Tag Archives: american

Arkham Pale Ale (American Amber Ale)

The Arkham Pale Ale was designed to be a gateway beer into the world of home brewing.  I set out to design a first beer to be simple, but with a theme worthy of attention.  While this is actually more of an American Amber Ale, it pales in comparison to the dark nature of Cthulhu, for whom we hope to summon with all of our friends with this beer.

Status: Beta.  My first pass got some pretty good reviews.  An experienced home brewing friend of mine suggested swapping the hop editions, so next time, I think I will try this. Everything else will remain the same.

Arkham Pale Ale (American Amber Ale)

OG: 1.052, IBUs: 33.4, SRM: 13.3, ABV: 5.2%

.5 lbs. American 2-row
.5 lbs Crystal 10
.5 lbs CaraPils (Dextrine)
3 oz. Black Patent Malt
5 lbs Light DME
2 oz Willamette [4.7%] (bittering hops)
1 oz Cascade [6.4%] (aroma hops)
1 tsp Gypsum
1 tsp Irish Moss
Safale American  US-05, Dry Yeast Addition
5 oz Corn Sugar (for bottle conditioning)

When designing a beer for first-time brewers, I wanted to go with something that was pretty widely accepted.   I chose the American Pale Ale at first because it is a pretty widely accepted beer.  It was clean and simple.   I also just liked the sound of the name.  Arkham is American, and you need something refreshing to drink when you’re not chasing around the city closing extra dimensional rifts.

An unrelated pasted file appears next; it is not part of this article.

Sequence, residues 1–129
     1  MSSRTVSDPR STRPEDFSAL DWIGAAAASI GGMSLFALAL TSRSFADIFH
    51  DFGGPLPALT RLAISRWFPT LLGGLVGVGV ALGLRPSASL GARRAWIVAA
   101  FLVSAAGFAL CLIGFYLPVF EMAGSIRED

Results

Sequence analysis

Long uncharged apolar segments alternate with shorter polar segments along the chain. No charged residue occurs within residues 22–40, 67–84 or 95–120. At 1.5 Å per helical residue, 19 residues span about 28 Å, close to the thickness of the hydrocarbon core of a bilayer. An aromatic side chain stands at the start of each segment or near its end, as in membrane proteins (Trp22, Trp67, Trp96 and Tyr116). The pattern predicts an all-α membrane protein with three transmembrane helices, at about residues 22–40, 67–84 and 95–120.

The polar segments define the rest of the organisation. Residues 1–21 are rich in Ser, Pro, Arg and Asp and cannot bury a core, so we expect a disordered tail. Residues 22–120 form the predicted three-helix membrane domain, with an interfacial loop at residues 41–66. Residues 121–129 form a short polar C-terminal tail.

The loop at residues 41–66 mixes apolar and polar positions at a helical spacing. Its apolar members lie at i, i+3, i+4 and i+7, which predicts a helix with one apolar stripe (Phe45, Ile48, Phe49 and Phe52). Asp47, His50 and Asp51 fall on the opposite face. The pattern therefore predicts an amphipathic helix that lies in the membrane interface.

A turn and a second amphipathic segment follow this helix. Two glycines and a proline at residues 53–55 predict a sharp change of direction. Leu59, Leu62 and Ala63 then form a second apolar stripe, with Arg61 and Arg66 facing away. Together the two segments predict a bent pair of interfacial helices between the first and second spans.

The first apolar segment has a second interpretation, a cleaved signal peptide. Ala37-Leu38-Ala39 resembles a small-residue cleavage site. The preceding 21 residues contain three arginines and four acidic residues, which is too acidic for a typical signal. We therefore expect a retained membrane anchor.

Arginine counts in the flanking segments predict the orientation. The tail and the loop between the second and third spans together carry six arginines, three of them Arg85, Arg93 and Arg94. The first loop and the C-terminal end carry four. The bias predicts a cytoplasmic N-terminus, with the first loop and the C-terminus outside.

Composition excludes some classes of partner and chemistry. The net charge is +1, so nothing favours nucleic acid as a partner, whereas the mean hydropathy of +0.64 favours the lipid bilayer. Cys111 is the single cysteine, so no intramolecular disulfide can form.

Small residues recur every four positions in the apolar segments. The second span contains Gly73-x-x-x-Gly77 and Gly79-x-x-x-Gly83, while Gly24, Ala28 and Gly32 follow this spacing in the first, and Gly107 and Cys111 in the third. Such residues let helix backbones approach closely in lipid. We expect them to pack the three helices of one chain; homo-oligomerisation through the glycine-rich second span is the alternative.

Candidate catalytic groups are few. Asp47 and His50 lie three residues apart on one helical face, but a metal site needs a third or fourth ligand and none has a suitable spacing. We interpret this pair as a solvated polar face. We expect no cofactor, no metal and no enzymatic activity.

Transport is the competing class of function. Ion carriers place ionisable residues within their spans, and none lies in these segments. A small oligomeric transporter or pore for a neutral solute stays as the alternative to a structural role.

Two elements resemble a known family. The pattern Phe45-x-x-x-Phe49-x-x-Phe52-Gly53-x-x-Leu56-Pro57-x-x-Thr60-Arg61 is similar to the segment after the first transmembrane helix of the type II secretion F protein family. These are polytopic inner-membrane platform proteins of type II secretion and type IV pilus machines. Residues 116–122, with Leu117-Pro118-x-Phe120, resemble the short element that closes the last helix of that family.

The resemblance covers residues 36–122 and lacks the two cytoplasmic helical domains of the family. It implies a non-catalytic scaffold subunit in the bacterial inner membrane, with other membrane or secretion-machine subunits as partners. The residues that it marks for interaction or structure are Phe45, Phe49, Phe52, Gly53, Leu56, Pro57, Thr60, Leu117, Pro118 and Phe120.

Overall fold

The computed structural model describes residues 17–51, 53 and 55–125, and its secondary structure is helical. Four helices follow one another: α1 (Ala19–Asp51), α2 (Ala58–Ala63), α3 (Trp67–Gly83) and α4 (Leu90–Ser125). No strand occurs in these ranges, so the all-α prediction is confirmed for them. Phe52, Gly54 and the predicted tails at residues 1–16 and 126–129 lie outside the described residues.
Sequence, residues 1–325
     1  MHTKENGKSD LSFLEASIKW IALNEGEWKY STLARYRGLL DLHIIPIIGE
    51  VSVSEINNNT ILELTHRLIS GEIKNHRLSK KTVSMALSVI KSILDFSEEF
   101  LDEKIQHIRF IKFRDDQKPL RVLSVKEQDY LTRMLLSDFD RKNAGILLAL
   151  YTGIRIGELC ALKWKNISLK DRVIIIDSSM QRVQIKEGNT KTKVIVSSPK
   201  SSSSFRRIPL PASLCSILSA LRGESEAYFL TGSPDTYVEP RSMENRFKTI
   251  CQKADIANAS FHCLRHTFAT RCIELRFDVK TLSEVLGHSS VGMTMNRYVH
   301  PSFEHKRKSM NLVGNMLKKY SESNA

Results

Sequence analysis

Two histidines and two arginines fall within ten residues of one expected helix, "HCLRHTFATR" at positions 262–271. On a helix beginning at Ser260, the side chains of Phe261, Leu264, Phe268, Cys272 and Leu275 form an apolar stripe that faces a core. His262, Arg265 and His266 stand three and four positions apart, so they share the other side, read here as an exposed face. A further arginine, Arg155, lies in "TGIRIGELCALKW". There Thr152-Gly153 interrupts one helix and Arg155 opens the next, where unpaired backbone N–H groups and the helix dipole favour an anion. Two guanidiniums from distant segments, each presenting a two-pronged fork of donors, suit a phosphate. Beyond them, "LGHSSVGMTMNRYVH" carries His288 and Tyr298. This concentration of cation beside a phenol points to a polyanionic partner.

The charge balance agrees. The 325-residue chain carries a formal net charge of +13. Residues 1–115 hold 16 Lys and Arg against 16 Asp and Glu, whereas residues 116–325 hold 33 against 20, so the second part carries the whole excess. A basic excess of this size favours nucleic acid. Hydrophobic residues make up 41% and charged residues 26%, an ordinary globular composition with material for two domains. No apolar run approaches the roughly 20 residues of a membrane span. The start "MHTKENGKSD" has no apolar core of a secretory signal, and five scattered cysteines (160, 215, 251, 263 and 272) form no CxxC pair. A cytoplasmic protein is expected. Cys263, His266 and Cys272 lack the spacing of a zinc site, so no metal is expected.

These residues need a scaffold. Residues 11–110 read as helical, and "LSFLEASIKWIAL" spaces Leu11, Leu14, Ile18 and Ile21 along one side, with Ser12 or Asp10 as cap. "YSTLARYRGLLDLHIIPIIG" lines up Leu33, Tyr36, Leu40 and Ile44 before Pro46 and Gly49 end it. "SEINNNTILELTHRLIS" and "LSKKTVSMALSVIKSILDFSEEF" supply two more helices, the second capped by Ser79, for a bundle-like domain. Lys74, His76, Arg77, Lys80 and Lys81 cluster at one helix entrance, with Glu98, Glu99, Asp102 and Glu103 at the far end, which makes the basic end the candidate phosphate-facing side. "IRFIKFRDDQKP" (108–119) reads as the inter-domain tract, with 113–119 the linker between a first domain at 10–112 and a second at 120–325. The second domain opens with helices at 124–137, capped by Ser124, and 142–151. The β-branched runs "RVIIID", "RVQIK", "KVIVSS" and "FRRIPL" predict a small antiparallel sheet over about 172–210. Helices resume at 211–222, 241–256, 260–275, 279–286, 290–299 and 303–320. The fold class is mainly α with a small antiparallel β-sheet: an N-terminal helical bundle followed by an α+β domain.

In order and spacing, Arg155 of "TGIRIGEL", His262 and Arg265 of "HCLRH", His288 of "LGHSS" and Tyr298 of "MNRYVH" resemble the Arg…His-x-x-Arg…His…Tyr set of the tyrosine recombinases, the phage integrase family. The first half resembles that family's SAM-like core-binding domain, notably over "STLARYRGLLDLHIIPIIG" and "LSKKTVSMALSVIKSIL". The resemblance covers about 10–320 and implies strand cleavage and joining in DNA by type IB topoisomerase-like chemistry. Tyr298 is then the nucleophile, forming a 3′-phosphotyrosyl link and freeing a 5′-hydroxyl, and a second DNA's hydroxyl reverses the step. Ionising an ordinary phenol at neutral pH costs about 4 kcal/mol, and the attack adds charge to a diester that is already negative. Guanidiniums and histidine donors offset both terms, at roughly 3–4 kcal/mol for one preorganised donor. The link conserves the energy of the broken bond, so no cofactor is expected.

As I started researching ingredients, I couldn’t help but to add something dark.  I expect the black patent malt to add just enough character to represent the dark ones.  With as little as I added, I don’t expect to notice a lot more than just the color, but we will see.  The rest of it is just good American beer.  I may experiment someday by increasing the Black Patent Malt to how its roasted darkness impacts the beer.

The real characteristic of the American ale is the American hops.  Cascade hops should add a citrus character to the beer that you would expect of this style.  An addition of brewing salt (the gypsum) should add crispness to the bittering hops.  American yeast tends to ferment cleanly.  The malts were chosen to give the beer a little body, some head, and just a bit of sweet in an otherwise dry beer.  It should also have enough kick to it to help you unwind very quickly.


Posted by on October 11, 2012 in Recipes


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